Spring is an extremely important time for bees. If you have any contact with these industrious insects, you know the phrase “busy as a bee” could have been coined right about now.
As you can see, that's one heck of a to-do list, but a beekeeper can help their colony handle the workload by making smart, bee-savvy decisions at the outset.
If you're setting up a new springtime hive, one of the most important things you'll do is pick a location. If possible, put the hive in a place were it will get lots of sun in the morning, so the hive can warm up quickly and the bees can get moving. But sunlight is a mixed blessing. If the hive gets too warm, bees have to spend time and energy keeping it cool by fanning their wings, which cuts down on the amount of foraging they can do. Hives in super shady locations are also more prone to a range of pests and parasites, including the small hive beetle, wax moths and even ants. We think the ideal mix is lots of sun in the morning and shade later. This might mean tracking the sun's path and noticing exactly where the light falls in your yard at different times of day, but any work you do now will pay off down the line.
Tapcomb® hives are made out of a Wood Composite (WPC) material that takes some of the stress off the bees by providing better thermal insulation in both hot and cold weather. Bees don't fly in the rain, so if you live in an area that's prone to spring rain, hive humidity matters, as they'll be spending lots of time cooped up indoors. WPC is more water resistant than wood, which makes spring showers more tolerable. Temperature regulation and waterproofing were a big part of picking WPC for our hives and why we think the material is such a big deal.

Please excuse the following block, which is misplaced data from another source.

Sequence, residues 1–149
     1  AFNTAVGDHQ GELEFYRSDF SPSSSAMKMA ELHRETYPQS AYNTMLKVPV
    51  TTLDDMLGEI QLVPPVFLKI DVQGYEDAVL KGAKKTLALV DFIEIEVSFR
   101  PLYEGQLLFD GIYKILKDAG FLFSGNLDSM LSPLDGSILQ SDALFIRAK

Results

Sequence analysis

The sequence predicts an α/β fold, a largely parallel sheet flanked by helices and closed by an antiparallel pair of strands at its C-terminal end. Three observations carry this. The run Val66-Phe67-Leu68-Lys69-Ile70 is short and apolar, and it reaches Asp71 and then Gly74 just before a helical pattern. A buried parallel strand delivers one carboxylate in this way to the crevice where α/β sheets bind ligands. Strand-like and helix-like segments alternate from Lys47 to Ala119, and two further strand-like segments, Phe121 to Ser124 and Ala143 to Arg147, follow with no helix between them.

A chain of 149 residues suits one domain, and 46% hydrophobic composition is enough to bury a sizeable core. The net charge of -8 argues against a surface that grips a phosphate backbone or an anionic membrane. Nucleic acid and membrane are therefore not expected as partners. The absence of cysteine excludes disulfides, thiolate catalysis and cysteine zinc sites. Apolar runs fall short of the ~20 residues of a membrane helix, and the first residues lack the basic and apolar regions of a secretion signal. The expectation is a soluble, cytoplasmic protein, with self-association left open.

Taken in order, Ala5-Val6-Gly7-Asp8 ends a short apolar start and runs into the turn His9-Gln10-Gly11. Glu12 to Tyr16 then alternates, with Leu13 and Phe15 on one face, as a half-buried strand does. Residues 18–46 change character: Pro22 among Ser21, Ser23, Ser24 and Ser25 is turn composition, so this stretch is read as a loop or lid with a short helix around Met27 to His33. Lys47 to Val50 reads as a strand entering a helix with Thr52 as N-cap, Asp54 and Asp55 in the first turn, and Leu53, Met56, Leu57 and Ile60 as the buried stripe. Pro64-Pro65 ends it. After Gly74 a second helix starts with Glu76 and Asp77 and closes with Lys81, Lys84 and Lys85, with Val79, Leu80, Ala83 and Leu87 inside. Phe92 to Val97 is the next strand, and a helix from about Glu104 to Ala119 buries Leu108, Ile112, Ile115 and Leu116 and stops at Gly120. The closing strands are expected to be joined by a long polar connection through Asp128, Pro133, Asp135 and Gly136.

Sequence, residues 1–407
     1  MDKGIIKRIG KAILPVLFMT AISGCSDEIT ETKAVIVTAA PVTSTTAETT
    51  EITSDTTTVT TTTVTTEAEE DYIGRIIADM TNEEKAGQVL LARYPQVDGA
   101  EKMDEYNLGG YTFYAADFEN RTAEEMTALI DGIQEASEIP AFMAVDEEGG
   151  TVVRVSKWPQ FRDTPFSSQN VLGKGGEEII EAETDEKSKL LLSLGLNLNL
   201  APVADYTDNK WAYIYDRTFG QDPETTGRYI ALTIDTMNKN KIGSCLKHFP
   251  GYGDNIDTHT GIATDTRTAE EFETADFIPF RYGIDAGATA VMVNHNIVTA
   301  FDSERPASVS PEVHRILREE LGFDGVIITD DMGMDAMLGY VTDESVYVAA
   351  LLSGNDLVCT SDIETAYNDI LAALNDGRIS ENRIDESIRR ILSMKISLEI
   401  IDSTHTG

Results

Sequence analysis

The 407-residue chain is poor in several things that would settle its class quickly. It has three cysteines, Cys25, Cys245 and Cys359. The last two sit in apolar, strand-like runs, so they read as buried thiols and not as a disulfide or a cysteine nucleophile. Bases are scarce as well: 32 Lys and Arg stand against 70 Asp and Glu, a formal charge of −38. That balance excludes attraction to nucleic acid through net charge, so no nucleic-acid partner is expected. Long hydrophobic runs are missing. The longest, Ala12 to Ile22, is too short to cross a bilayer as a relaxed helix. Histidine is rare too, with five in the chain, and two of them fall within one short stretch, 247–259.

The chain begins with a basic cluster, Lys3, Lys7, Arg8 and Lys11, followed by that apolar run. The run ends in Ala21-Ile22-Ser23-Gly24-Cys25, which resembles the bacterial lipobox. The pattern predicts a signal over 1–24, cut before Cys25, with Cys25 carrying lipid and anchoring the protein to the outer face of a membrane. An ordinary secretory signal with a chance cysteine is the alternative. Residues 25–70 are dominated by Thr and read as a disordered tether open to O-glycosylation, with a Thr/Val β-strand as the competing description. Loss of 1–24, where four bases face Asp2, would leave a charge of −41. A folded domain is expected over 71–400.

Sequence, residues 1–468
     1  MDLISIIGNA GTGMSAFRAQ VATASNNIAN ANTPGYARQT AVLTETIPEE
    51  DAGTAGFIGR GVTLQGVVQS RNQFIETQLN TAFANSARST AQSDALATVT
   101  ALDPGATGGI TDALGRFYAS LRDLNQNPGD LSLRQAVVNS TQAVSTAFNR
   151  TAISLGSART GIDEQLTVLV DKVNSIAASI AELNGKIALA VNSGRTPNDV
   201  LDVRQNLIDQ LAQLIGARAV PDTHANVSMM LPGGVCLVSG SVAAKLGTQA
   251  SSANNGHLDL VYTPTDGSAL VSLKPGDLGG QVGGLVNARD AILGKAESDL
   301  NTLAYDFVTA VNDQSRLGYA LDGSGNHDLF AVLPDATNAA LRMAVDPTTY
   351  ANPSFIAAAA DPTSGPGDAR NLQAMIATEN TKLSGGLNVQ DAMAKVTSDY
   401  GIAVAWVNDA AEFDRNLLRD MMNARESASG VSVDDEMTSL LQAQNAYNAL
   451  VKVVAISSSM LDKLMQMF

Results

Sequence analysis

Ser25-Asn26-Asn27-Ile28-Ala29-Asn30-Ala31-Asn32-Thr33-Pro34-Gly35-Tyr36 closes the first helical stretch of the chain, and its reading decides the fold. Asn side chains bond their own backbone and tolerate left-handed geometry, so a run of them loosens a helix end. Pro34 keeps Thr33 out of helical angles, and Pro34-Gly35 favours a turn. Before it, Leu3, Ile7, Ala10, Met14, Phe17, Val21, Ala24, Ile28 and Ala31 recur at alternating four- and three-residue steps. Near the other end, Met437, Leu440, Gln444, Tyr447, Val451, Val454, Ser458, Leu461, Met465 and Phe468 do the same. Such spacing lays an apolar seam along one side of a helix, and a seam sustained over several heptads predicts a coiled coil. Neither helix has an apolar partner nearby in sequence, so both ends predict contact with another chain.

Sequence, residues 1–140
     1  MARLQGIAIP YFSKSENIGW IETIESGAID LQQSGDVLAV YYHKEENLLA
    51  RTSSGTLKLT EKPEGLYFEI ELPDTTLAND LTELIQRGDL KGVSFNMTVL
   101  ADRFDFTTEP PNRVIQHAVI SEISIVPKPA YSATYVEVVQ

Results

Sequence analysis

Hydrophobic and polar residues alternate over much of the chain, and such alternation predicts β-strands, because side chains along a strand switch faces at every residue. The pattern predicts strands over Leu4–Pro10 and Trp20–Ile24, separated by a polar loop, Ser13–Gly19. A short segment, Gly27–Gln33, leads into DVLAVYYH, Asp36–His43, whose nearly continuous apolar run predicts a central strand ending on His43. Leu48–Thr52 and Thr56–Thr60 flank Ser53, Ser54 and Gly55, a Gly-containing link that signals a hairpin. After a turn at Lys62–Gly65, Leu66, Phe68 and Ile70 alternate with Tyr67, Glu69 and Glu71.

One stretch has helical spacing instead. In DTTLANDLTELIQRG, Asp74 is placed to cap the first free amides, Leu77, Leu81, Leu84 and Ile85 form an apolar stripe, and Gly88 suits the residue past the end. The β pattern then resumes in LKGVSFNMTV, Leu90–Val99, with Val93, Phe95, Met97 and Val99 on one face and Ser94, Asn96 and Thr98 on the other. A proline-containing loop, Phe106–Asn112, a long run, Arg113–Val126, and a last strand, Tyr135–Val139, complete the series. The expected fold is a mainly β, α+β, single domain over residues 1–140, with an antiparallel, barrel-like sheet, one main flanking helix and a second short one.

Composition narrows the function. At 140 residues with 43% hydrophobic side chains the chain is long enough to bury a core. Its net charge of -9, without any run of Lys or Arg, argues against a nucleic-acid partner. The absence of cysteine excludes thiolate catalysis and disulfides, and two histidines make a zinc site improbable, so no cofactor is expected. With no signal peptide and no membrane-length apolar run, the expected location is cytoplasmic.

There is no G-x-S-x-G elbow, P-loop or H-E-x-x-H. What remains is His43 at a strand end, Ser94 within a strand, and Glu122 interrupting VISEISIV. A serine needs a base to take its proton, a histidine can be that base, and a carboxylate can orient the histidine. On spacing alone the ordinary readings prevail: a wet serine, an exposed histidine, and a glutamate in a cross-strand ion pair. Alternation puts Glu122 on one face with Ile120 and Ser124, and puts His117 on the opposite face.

As the weather warms up, you'll need at least one watering station for your colony. It may seem counterintuitive, but don't put these stations too close to the hive. Your bees might actually overlook them. These insects were made to fly and cover a lot of ground on a daily basis. Bird baths make great watering holes for honey bees, but unlike the beehive itself, keeping a bird bath in the shade is ideal. Some beekeepers make sure there's always a tiny stick floating in the water, to give bees a place to perch while drinking.
Inspections are ongoing, so if you're setting up a new hive right now, you'll still need to learn what to look for to make sure your colony is healthy and the queen is laying the eggs that'll become the next generation of bees.
If you want honey this year, any bees you keep need a super now. If you don't have one, you can add a Tapcomb® Six-Frame or Seven-Frame Honey Super to an existing Langstroth hive. This means you can use what you already own, but still benefit from tappable, natural honey flow when it's time to harvest later.
If you're starting out from scratch, the complete Tapcomb® Wood Composite Six-Frame Hive provides all the necessary hive components, including tappable frames. You need to provide the bees, of course, but they can be ordered by mail or purchased from an experienced local beekeeper.
You can learn a lot more about setting up a beehive in our Beekeeping 101 guide. But here's one more tip before we go. If you can set up your hive so that it faces the morning sun, do so. Some beekeepers say worker bees start their day a little earlier when they get a jolt of early morning light — kind of like coffee, but without the jitters!